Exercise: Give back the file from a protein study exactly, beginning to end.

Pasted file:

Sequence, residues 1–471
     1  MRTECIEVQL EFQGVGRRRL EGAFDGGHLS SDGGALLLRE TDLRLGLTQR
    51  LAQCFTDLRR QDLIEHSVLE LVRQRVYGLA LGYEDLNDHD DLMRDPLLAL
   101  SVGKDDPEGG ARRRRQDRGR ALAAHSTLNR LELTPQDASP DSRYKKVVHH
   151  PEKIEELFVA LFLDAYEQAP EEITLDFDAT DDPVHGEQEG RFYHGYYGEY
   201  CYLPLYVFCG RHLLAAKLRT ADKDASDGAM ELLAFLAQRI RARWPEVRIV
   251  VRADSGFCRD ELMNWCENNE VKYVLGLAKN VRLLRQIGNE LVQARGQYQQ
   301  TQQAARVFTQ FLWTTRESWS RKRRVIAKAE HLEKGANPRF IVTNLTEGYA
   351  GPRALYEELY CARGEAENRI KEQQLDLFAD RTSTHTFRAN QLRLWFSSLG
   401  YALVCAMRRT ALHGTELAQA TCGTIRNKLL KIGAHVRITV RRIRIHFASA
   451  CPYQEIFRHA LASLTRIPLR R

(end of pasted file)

Sequence, residues 1–471
     1  MRTECIEVQL EFQGVGRRRL EGAFDGGHLS SDGGALLLRE TDLRLGLTQR
    51  LAQCFTDLRR QDLIEHSVLE LVRQRVYGLA LGYEDLNDHD DLMRDPLLAL
   101  SVGKDDPEGG ARRRRQDRGR ALAAHSTLNR LELTPQDASP DSRYKKVVHH
   151  PEKIEELFVA LFLDAYEQAP EEITLDFDAT DDPVHGEQEG RFYHGYYGEY
   201  CYLPLYVFCG RHLLAAKLRT ADKDASDGAM ELLAFLAQRI RARWPEVRIV
   251  VRADSGFCRD ELMNWCENNE VKYVLGLAKN VRLLRQIGNE LVQARGQYQQ
   301  TQQAARVFTQ FLWTTRESWS RKRRVIAKAE HLEKGANPRF IVTNLTEGYA
   351  GPRALYEELY CARGEAENRI KEQQLDLFAD RTSTHTFRAN QLRLWFSSLG
   401  YALVCAMRRT ALHGTELAQA TCGTIRNKLL KIGAHVRITV RRIRIHFASA
   451  CPYQEIFRHA LASLTRIPLR R